• facial movement
  • shoulder shrugging

Vocal Tics:

  • barking or yelping
  • grunting
  • repeating what someone else says
  • shouting
  • sniffing
  • swearing
Co-Occurring Disorders Include:
  • Attention Deficit/Hyperactivity Disorder (ADHD)
  • Obsessive -Compulsive Disorder
  • Learning difficulties
  • Behavior problems
  • Anxiety
  • Mood problems
  • Sleeping issues
  • Social skills and deficits

 

Tourette Syndrome-It's not what you think it is » Movement ...

Risk Factors
  • Temperamental- it is worsened by anxiety, excitement and exhaustion.
  • Environmental- observing a gesture or sound in another person my result in an individual with a tic disorder making a similar sound.
  • Genetic- genetics and environmental factor influences tic symptoms.

Teaching Strategies for Students with Cerebral Palsy

Cerebral palsy is a motor disorder which results from damage to the brain occurring before, during and after birth. Cerebral palsy is the most common motor disability in childhood and it is estimated that 1 in 323 individuals have been identified with cerebral palsy.

Since cerebral palsy is the result of damage to the brain, it impacts each person differently ranging from severe to mild symptoms. It is estimated that many children with cerebral palsy also have at least one co-occurring condition. For instance, 41% had co-occurring epilepsy and 40% of children were diagnosed with an intellectual disability.

Teaching strategies should focus on assistive technology, fine and gross motor skills, and personal care. Accommodations and modifications should include providing extra time for task completion.

The following links provide information on teaching strategies.

Accommodating a student with cerebral palsy

Cerebral palsy in the classroom

How to make your classroom inclusive for students with cerebral palsy

How to teach children with cerebral palsy

Inclusive teaching strategies for students with cerebral palsy

Students with mild cerebral palsy in the classroom: Information and guidelines for teachers

What teachers should know about children with cerebral palsy

Teaching Strategies for Students with Orthopedic Impairments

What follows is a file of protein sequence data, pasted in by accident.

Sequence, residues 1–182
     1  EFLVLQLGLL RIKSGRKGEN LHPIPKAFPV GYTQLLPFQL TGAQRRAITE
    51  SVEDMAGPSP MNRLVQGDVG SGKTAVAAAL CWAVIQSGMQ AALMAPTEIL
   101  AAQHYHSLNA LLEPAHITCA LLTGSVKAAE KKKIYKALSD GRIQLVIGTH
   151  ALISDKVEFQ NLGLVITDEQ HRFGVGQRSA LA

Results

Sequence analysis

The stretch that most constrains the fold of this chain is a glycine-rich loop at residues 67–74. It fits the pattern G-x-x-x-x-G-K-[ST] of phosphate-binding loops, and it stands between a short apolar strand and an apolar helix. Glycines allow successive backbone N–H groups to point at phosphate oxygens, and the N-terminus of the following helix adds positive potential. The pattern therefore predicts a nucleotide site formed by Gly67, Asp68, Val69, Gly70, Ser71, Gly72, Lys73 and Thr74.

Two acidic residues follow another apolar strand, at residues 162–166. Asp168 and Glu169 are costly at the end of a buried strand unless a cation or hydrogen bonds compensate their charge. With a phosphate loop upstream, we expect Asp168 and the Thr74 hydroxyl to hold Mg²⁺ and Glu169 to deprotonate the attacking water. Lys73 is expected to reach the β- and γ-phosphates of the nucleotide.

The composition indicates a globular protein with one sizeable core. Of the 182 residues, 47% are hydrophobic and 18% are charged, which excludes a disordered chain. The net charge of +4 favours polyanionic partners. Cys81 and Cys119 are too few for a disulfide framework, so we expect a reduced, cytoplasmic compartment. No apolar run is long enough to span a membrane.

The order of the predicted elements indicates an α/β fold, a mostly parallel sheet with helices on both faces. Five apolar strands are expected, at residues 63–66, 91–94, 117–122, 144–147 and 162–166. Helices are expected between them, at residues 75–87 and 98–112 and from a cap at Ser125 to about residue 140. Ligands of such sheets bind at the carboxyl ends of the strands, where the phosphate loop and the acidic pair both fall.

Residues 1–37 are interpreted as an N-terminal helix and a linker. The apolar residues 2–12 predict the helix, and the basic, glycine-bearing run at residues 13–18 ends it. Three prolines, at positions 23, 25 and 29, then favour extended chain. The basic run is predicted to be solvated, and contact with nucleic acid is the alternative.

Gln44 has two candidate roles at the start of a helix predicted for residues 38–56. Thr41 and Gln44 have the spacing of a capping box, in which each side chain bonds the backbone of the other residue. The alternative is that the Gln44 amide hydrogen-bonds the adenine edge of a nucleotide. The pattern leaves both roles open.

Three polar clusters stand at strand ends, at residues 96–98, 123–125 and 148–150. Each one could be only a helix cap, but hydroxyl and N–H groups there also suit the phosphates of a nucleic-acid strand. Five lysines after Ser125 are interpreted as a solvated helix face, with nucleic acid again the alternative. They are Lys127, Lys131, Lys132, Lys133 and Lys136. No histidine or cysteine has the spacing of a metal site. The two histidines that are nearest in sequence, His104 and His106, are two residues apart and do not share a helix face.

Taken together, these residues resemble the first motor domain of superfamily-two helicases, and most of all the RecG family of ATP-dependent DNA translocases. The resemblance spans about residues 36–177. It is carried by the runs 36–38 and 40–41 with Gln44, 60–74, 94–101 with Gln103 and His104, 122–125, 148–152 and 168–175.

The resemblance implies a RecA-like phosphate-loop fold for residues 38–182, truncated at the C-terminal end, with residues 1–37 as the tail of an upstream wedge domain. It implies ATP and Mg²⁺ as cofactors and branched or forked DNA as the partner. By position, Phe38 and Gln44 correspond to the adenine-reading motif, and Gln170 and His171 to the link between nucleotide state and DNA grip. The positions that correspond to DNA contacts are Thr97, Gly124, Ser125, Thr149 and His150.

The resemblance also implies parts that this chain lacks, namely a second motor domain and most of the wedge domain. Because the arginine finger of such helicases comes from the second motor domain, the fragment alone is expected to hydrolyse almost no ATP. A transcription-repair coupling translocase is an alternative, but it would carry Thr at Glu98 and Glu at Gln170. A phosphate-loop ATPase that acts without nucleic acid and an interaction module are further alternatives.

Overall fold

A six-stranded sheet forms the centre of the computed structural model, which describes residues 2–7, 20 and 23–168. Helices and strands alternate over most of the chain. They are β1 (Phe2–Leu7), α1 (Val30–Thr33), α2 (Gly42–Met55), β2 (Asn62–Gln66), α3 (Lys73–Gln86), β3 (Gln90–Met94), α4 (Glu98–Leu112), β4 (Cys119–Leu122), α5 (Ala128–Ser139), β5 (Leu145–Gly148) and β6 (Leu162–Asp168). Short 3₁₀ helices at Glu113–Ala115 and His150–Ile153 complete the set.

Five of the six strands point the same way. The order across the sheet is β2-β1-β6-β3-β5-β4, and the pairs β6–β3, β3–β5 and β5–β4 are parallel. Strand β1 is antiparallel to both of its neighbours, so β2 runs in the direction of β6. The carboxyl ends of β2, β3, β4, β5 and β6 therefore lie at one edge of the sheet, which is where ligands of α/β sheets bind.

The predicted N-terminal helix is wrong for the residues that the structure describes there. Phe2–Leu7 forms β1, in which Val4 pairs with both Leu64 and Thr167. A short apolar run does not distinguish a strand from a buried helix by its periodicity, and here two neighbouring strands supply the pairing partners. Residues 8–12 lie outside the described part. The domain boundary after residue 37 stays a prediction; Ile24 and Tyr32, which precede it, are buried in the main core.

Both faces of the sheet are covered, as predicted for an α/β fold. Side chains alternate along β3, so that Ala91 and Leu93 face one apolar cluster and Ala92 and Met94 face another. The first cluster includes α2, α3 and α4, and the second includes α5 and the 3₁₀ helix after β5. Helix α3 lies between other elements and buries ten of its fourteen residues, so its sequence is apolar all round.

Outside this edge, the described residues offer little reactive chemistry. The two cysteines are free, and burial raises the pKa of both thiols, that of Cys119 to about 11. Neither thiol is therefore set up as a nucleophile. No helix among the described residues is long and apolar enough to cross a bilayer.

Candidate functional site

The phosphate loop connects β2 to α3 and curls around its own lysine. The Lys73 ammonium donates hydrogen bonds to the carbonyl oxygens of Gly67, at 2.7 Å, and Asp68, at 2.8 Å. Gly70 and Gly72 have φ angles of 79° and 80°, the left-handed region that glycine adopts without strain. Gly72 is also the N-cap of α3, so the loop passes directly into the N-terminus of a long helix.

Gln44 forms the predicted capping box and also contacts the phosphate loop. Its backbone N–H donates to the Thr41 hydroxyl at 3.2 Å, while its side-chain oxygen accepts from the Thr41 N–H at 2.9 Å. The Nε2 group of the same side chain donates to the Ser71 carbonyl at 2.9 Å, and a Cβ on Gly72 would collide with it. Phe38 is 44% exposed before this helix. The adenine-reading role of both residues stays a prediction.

The definition of orthopedic impairment under IDEA means a severe orthopedic impairment that adversely affects a child’s education performance. Causes include:

  • genetic
  • disease
  • injury
  • birth trauma
  • burns
  • fractures
  • cerebral palsy amputation

There are 3 classifications that an orthopedic impairment can fall under:

  1. Neuromotor impairment, this would include cerebral palsy, spinal cord injuries, spina bifida, and seizure disorders
  2. Degenerative Disease such as muscular dystrophy and Ehlers-Danlos Syndrome
  3. Musculoskeletal Disorders including scoliosis and deformed limbs.

Students with orthopedic impairments often qualify for therapy including physical and occupational therapy. assistive technology should be included for accommodating the students needs.

The following links provide resources on teaching assessment, modifications, and teaching information.

Orthopedic impairment: A guide for parents and teachers

Orthopedic impairment characteristics: Classroom modification and assistive technology

Orthopedic impairment and special needs students

Orthopedic impairment disability

Teaching strategies for mobility impaired students

Teaching strategies for orthopedic impairment

Teaching students with disabilities: Orthopedic impairment

Teaching students with orthopedic impairment

Understanding individuals with physical, health, and multiple disabilities

What is a Multiple Disability?

According to the Individuals with Disabilities Act (IDEA), multiple disabilities refers to simultaneous impairments such as intellectual-blindness, intellectual disability-orthopedic impairment. The combination of which causes such severe educational needs that cannot be accommodated in a special education program solely for one of the impairments, meaning a student has more than one or multiple impairments. According to the U.S. Department of Education, 2.0 percent of students currently are diagnosed with multiple disabilities.

The term multiple disability is a broad term and can include a number of disabilities. For example, a person diagnosed with cerebral palsy may also have a diagnosed of epilepsy, intellectual disability  and ADHD. The Center for Parent Information and Resources explains that from the term, your cannot tell how many disabilities a child has, which disabilities are involved or how severe each disabilities are involved or how severe each disability is. It is important to know the following in orde to support the child:

  • which individual disabilities are involved;
  • how severe (or moderate or mild) each disability is; and
  • how each disability can affect learning and daily living.

Support should include the following areas:

  • caring for oneself;